Mary Dixon Kies

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Mary Dixon Kies (March 21, 1752 – 1837) was an American inventor. On May 5, 1809, her patent for a new technique of weaving straw with silk and thread to make hats was signed by President James Madison.[1]

Some sources say she was the first woman to receive a US Patent,[2][3] however other sources cite Hannah Slater in 1793,[4][5][6] or Hazel Irwin, in 1808,[4] as the first.


Family life[edit]

Mary's father, John Dixon, was a farmer born in 1679 in Ulster, Ireland. Her mother, Janet Kennedy, was John Dixon's third wife. They had married in Voluntown, Connecticut on August 7, 1741.

Mary Dixon was born in Killingly, Connecticut on March 21, 1752. She married Isaac Pike I, and in 1770 they had a son, Isaac Pike II. After his death she married John Kies (1750–1813) who died on August 18, 1813, at age 63. She then lived with her second son, Daniel Kies, in Brooklyn, New York, until her death at age 85 in 1837.[7]


Because of the Napoleonic Wars, the United States had embargoed all trade with France and Great Britain, creating a need for American-made hats to replace European millinery. The straw-weaving industry filled the gap, with over $500,000 ($9 million in today's money) worth of straw bonnets produced in Massachusetts alone in 1810.[8]

Mary Kies was not the first American woman to innovate in hat-making. In 1798, New Englander Betsy Metcalf invented a method of braiding straw. Her method became very popular, and she employed many women and girls to make her hats. The method created a new industry for girls and women because the straw bonnets could be made at home from local resources, so the women and girls could do work for themselves. Thus, Betsy Metcalf started the American straw-hat industry. Under the Patent Act of 1790 she could have sought a patent, but like most women at the time, who could not legally hold property, she chose not to. Mary Kies, however, broke that pattern on May 5, 1809.[9] Dolley Madison was so pleased by Kies' innovation that she sent a personal letter applauding her.[10]

Kies' technique proved valuable in making cost-effective work bonnets. In so doing, she bolstered New England's hat economy, which had been faltering due to the Embargo Act of 1807. However, a change in the fashion of the day made her unable to profit from her invention and she died penniless in 1837.[7] Her original patent file was destroyed in an 1836 fire at the United States Patent Office.[11]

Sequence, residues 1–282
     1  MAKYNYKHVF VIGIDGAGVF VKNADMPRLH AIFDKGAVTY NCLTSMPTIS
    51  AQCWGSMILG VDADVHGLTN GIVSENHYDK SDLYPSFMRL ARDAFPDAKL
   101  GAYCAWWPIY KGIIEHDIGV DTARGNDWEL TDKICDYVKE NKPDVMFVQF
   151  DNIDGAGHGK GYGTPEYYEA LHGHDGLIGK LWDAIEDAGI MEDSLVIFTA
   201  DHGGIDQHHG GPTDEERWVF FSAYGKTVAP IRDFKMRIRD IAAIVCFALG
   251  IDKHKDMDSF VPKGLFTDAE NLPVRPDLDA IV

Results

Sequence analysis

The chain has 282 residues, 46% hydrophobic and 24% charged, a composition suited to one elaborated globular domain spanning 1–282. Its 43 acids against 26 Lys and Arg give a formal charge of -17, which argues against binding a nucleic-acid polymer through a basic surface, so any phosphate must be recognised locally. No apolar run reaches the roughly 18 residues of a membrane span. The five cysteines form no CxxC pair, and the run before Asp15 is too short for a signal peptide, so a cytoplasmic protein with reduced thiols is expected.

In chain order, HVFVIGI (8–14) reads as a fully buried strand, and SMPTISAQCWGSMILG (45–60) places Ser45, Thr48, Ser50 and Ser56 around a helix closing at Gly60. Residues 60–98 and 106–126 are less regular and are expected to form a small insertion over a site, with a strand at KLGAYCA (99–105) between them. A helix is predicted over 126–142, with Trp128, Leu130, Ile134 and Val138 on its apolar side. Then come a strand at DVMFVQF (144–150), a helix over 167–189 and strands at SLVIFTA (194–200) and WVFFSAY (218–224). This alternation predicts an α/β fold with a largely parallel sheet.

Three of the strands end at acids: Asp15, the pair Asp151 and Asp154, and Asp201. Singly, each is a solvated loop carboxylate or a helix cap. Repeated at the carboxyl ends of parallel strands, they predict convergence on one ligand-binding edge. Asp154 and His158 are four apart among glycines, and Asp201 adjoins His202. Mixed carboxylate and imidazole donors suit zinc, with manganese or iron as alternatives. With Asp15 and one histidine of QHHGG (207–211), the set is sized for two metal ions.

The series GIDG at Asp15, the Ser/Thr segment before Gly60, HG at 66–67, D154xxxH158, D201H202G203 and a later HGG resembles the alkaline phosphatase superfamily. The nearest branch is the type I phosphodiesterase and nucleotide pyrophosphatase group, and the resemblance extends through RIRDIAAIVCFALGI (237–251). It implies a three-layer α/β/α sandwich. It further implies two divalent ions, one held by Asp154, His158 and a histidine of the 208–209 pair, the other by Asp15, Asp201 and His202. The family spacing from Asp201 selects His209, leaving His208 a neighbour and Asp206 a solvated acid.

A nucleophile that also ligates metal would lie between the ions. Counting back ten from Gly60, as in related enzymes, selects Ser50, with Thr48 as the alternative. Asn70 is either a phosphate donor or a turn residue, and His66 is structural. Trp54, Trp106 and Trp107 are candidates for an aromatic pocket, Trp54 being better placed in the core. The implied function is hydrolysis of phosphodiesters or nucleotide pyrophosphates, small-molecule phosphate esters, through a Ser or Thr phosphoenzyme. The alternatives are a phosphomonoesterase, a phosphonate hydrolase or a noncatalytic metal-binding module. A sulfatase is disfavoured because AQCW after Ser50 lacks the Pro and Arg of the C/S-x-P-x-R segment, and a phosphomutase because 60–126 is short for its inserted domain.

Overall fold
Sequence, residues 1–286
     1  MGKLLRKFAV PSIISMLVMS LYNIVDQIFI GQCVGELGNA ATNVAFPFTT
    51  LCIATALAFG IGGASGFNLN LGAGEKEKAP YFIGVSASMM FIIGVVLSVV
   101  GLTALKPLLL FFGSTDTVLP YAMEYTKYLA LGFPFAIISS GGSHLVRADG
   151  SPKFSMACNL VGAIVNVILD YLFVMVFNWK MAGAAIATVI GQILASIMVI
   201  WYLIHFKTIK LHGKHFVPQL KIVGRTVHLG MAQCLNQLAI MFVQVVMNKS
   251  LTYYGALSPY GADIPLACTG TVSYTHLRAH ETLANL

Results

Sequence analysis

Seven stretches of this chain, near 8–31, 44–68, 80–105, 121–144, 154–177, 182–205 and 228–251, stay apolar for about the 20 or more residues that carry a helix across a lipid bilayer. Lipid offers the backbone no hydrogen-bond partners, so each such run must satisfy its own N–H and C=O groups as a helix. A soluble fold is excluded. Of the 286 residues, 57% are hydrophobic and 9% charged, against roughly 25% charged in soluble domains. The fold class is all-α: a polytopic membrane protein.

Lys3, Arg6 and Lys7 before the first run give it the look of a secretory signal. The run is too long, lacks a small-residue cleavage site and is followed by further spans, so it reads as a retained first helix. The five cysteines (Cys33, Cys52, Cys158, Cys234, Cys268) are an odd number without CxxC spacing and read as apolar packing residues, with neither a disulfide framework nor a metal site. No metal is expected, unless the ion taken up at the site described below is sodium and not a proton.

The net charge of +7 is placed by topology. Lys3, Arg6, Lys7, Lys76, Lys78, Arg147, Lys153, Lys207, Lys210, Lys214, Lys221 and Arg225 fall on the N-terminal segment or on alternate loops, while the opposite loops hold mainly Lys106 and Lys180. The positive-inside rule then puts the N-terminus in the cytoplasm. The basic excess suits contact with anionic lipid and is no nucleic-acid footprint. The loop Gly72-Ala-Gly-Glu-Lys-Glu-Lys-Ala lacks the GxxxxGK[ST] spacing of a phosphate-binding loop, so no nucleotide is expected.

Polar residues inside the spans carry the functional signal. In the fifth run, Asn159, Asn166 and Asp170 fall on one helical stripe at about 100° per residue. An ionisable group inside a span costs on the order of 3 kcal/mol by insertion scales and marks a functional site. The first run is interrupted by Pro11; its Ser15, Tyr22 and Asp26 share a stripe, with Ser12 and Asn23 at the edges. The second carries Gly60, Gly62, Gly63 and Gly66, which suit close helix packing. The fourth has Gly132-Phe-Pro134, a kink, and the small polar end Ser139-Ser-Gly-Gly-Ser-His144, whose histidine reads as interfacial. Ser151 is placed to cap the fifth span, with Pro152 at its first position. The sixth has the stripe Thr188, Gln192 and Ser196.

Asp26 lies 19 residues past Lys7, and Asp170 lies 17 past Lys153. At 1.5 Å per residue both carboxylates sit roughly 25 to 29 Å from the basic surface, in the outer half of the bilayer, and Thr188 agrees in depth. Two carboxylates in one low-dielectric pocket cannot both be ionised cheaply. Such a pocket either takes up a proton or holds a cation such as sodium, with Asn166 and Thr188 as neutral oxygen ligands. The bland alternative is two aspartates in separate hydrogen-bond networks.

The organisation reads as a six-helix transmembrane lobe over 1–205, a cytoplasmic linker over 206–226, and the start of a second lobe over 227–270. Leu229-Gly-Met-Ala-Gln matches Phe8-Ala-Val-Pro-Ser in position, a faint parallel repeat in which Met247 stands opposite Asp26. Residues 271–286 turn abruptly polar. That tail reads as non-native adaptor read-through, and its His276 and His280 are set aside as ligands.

In 1965, a monument was erected in her honor in Old South Killingly Cemetery.[12]In 2006, she was inducted into the National Inventors Hall of Fame.[13]


  1. ^ "Mary Kies Became the First Woman to Receive a U.S. Patent". America's Story from America's Library. Library of Congress. Retrieved May 3, 2018.
  2. ^ Blakemore, Erin. "Meet Mary Kies, America's First Woman to Become a Patent Holder". Retrieved August 11, 2016.
  3. ^ "First Women Inventors | History of American Women". Retrieved August 10, 2016.
  4. ^ a b Progress and Potential: A profile of women inventors on U.S. patents United States Patent and Trademark Office.
  5. ^ "Women Inventors | History Detectives | PBS". Retrieved 2016-08-10.
  6. ^ "10 Key Dates in Women's History: The Early Modern Period". Britannica Blog. Encyclopædia Britannica. March 10, 2011. Retrieved August 10, 2016.
  7. ^ a b "Mary (Dixon) Kies, America's First Female Patent Holder". Archived from the original on 2007-04-27. Retrieved 2007-05-14.
  8. ^ "May 5, 1809: Hats Off to First U.S. Woman Patent-Holder". Retrieved September 7, 2015.
  9. ^ "HER INVENTIVE GENIUS; How Lovely Woman Is on Record in the Patent Office. MRS. MARY KIES HEADS THE LIST IN 1809 A Colored Woman's Patent -- A See-Saw Washing Machine -- Inventions Useful and Amusing". The New York Times. 1895-06-09. ISSN 0362-4331. Retrieved 2022-03-15.
  10. ^ "Young and Brave: Girls Changing History". Archived from the original on May 5, 2017. Retrieved May 27, 2016.
  11. ^ "Process for Weaving Straw". Invention Dimension. Massachusetts Institute of Technology. Archived from the original on July 14, 2007. Retrieved February 14, 2007.
  12. ^ "Killingly Historical and Genealogical Society - Mary (Dixon) Kies". Retrieved 2021-12-08.
  13. ^ "Women of Innovation | National Inventors Hall of Fame". 2013-11-21. Archived from the original on 2016-08-13. Retrieved 2016-05-27.